Turning now to FIG. 4, the analog interface of the CONI is illustrated. The interface 122 includes a two to four wire hybrid coil 300, a line matching network 310 in the form of an electrical hybrid, a transmit and receive amplifier and filter comprised of an INTEL 2912 filter and an INTEL 2910 CODEC (COder/DECoder). The hybrid coil 300 interfaces directly to the line matching network 310. The line matching network includes the necessary components for two balancing networks. This allows the use of -5 volt non-loaded lines or +12 volt loaded lines. The line matching network 310 is connected via lines TX and RX to filter network 320. The TX line connects to a transmit filter in the filter 320 as does the RX line to a receive filter. The filters also have provisions for adding the necessary gain in both the transmit and receive paths. The filter 320 is further connected via lines TX and RX to the CODEC 2910. The output of the transmit filter drives the analog input of CODEC 330. The CODECs primary function is to encode an analog signal into a 8 bit PCM word which is then sent to the network in the proper channel via driver 340 and the PCM transmit bus PCMX.
Similarly, the CODEC 330 will clock in information from the receive PCM bus PCMR and driver 350 during its assigned channel. The binary signal is then decoded into PAM (pulse amplitude modulated) signals by the CODEC and converted into an analog signal by the receive filter of filter 320. The analog signal is then applied to the console via the line matching network and the T and R leads of the hybrid coil 300. Controls signals 360 connected to the peripheral processor allows the CODEC to be programmed to operate in a specific manner i.e. transmit and receive, transmit only or operate within a certain time slot.
It should be noted since the CONI analog interface and digital interface use two distinct communication links to transmit information between the console 5 and the CENTREX network system. The analog talk path and the duplex data path may be used simultaneously in transmission and reception of analog and digital data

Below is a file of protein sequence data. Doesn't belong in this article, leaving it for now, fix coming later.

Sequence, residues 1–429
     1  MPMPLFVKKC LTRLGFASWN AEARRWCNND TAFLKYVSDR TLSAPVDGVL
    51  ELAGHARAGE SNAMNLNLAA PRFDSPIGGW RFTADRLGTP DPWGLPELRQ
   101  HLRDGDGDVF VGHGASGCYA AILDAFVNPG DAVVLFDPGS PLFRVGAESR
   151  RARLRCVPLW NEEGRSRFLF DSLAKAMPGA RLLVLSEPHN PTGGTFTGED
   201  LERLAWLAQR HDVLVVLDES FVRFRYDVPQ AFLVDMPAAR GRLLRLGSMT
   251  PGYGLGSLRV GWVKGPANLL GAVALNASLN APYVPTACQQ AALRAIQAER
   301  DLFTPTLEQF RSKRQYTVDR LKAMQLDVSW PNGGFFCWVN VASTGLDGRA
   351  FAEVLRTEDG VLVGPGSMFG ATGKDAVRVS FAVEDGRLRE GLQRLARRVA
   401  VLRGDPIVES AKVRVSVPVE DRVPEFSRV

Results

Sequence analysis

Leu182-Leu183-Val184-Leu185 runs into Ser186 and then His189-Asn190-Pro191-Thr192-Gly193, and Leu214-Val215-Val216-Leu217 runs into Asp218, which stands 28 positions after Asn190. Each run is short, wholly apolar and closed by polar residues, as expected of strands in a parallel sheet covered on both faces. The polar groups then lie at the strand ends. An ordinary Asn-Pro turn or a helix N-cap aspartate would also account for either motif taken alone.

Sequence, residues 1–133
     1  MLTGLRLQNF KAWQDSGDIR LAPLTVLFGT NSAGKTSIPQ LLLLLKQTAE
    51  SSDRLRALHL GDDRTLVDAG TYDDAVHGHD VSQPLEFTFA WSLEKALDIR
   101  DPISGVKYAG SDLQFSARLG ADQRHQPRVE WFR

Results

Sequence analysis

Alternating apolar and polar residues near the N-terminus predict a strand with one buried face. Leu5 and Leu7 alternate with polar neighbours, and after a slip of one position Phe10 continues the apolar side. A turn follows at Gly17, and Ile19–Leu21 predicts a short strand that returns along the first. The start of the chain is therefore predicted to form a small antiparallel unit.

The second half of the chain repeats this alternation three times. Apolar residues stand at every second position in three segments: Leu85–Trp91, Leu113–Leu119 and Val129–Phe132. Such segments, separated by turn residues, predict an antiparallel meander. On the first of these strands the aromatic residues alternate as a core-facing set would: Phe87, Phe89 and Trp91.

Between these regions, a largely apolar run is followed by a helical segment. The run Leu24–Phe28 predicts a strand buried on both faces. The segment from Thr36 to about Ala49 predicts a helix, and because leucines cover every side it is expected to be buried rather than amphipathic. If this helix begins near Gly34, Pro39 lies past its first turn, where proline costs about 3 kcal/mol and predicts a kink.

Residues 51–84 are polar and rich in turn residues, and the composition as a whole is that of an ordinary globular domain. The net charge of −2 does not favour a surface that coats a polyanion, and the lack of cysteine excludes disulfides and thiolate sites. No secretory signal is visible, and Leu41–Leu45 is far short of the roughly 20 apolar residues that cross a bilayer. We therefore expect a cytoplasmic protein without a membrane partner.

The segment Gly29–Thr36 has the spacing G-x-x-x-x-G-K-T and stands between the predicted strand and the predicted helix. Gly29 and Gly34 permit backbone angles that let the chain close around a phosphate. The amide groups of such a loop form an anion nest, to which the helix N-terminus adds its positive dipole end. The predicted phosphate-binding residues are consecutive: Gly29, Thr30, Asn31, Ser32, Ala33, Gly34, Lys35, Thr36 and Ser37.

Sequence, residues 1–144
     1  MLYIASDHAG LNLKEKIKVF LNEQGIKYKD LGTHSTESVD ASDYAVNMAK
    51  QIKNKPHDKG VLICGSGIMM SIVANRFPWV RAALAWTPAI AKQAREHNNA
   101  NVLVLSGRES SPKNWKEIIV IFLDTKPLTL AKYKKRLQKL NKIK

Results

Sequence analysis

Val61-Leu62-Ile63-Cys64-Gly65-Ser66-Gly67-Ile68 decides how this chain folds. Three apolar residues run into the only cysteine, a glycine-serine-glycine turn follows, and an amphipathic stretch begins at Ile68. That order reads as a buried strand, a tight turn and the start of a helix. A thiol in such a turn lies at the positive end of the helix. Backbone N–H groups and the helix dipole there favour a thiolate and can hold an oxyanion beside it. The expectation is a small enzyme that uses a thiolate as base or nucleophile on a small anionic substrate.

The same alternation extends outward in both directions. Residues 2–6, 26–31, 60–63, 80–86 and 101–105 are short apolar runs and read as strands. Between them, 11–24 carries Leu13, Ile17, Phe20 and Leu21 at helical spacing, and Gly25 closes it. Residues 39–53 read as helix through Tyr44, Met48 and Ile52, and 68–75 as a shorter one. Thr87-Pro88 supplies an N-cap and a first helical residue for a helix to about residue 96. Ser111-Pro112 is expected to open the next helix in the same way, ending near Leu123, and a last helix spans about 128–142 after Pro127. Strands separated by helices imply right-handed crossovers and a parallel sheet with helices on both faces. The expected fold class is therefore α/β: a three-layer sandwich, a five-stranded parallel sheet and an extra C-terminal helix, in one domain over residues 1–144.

Although the preferred embodiment of the invention has been illustrated, and that form described in detail, it will be readily apparent to those skilled in the art that various modifications may be made therein without departing from the spirit of the invention or from the scope of the appended claims.
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|Citing Patent||Filing date||Publication date||Applicant||Title|
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|Feb 28, 1989||AS||Assignment|
Owner name: AG COMMUNICATION SYSTEMS CORPORATION, 2500 W. UTOP
Free format text: ASSIGNMENT OF ASSIGNORS INTEREST.;ASSIGNOR:GTE COMMUNICATION SYSTEMS CORPORATION;REEL/FRAME:005060/0501
Effective date: 19881228
|Sep 27, 1991||FPAY||Fee payment|
Year of fee payment: 4
|Aug 28, 1995||FPAY||Fee payment|
Year of fee payment: 8
|Jan 4, 2000||REMI||Maintenance fee reminder mailed|
|Jun 11, 2000||LAPS||Lapse for failure to pay maintenance fees|
|Aug 15, 2000||FP||Expired due to failure to pay maintenance fee|
Effective date: 20000614